Lithium’s water problem
Despite being lauded as key material for a renewables revolution, lithium has also been blamed for speeding up desertification around the salt lakes of Latin America’s ‘lithium triangle’. So does lithium have a water problem, and what is being done? Scarlett Evans reports.
Lithium is a red hot topic, given its status as one of the most important materials in the green energy future. Yet while many celebrate the renewable potentials of the metal, issues are coming out of the woodwork to cast a shadow over its seemingly bright future, with reports of evaporation techniques used in its extraction sparking concerns over water scarcity.
The issue is compounded by continued inadequacies in battery recycling, with Foe Europe estimating only 5% of lithium-ion batteries from the European market are collected, with the majority instead finding their way to landfill sites.
Change is needed in not only how we extract the material, but in what we do with it once it’s out of the ground and in our appliances. With the European Commission stating the tonnage of lithium used in portable batteries increased ten-fold between 2010 and 2020, sustainable action is needed for the industry to shed its increasingly negative footprint as demand continues to climb.
A dangerous game
While lithium is an increasingly popular material the world over, accessible high-quality ore deposits are limited to a select few Andean countries - such as Argentina, Bolivia, and Chile. Current extraction methods in these regions have water at the heart of the process as the mineral is found dissolved in salt flats, requiring evaporation to be separated. This is opposed to methods used somewhere like Australia, which obtains lithium from ore mining.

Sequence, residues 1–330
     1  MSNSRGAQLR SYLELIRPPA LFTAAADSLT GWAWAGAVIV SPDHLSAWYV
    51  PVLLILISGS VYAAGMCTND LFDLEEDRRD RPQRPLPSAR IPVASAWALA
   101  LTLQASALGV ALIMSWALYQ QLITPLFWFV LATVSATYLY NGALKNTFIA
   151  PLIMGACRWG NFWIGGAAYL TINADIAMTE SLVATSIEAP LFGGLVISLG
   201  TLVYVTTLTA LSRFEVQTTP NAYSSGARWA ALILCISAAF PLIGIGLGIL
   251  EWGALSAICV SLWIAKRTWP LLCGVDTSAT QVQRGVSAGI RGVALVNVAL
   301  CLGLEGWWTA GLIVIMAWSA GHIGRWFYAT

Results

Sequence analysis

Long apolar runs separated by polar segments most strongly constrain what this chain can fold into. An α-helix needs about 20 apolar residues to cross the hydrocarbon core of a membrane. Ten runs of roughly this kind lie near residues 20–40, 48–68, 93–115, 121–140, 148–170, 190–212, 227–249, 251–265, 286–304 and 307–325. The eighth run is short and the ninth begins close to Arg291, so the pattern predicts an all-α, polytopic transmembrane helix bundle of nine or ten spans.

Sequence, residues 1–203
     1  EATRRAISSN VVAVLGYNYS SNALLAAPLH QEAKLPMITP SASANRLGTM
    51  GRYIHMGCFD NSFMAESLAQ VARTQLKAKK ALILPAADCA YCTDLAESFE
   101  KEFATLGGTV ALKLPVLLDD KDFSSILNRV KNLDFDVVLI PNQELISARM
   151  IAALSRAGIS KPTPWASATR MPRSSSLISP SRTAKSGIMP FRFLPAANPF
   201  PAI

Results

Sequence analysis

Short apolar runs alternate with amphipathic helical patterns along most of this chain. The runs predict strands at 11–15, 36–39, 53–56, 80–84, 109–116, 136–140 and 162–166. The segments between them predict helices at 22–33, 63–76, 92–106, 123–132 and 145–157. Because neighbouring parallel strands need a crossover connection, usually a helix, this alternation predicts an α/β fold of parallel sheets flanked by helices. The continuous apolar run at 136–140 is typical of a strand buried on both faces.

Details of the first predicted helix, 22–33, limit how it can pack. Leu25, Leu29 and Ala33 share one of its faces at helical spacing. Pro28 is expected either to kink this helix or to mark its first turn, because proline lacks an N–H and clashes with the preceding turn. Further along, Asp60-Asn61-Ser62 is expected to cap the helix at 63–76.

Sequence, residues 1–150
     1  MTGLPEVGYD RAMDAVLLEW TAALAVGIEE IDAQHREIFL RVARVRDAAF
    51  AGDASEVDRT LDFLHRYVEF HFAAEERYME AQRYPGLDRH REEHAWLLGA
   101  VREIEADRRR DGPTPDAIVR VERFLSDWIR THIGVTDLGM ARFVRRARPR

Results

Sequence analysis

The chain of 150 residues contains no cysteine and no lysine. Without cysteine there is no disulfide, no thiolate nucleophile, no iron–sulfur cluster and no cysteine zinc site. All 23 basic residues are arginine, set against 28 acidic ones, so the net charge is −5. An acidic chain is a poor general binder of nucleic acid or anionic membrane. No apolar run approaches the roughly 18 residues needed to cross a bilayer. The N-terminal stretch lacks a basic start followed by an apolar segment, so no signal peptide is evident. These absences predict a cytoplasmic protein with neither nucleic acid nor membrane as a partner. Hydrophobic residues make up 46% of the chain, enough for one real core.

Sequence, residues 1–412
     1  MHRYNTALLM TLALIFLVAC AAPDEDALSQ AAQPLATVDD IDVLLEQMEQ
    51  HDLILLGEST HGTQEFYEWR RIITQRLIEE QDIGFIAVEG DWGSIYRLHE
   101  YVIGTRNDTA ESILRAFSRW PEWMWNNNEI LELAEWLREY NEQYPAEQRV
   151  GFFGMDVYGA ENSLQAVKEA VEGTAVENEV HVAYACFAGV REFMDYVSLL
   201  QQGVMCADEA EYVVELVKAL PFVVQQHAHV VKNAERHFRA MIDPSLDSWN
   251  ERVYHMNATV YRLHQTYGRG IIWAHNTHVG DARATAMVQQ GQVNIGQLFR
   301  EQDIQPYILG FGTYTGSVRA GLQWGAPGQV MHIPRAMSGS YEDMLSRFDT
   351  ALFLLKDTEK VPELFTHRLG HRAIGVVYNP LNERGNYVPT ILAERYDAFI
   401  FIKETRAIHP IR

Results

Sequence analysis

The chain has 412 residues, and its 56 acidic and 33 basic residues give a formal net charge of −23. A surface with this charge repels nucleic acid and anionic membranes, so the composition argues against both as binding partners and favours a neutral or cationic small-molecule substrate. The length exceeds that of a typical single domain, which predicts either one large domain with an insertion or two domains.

Dissent over evaporation processes have been rumbling for years, and many are saying operations have directly triggered a water crisis. The San Cristóbal Mine in Bolivia, said to use 50,000 litres of water per day, has even been labelled an ‘environmental and social disaster’, while the Mexican state of Sonora (where lithium deposits have recently been discovered) is similarly in crisis mode, ranked by the World Resources Institute as having ‘Extremely High Baseline Water Stress’.
Dr Ana Carballo, a research fellow on mining and society investigating lithium mines in Argentina, says the situation is a complex one - the product of political, social, and environmental factors - and does not have a direct solution.
“Severe water scarcity means the ecosystems in these areas are very fragile - the water is not always reachable or readily available,” she says. “It's taken a very long time to come to terms with the consequences of the mining processes and one of the main challenges is in getting adequate environmental impact assessments.
“It’s very difficult to find proper baselines to know what the water level was before the mining extraction started, and this is often compounded by political conditions in some of these regions. For instance, in Chile the water system is privatised, which makes the whole regulation of water use very complicated.”
Severe water scarcity means the ecosystems in these areas are very fragile.
While the catalysts are multi-faceted for the problem, finding solutions is becoming a more pressing task as mining corporations scramble for a seat at the increasingly lucrative table.
“There are over 40 planned lithium projects in Argentina alone,” says Carballo. “While many won’t come to fruition, it’s a huge industry that is having a big impact on both the cultural and natural processes of life - there's a lot of indigenous communities in the area that have many practices tied around water, and these are being disrupted.”
Before these projects get off the ground, determining exactly what impact mining is having on water in the areas is a priority.
A thirst for information
Given the often isolated and sparsely populated nature of the salt flat regions, research into the impacts of mining has been slow and data on just what the ripple effects are has been limited.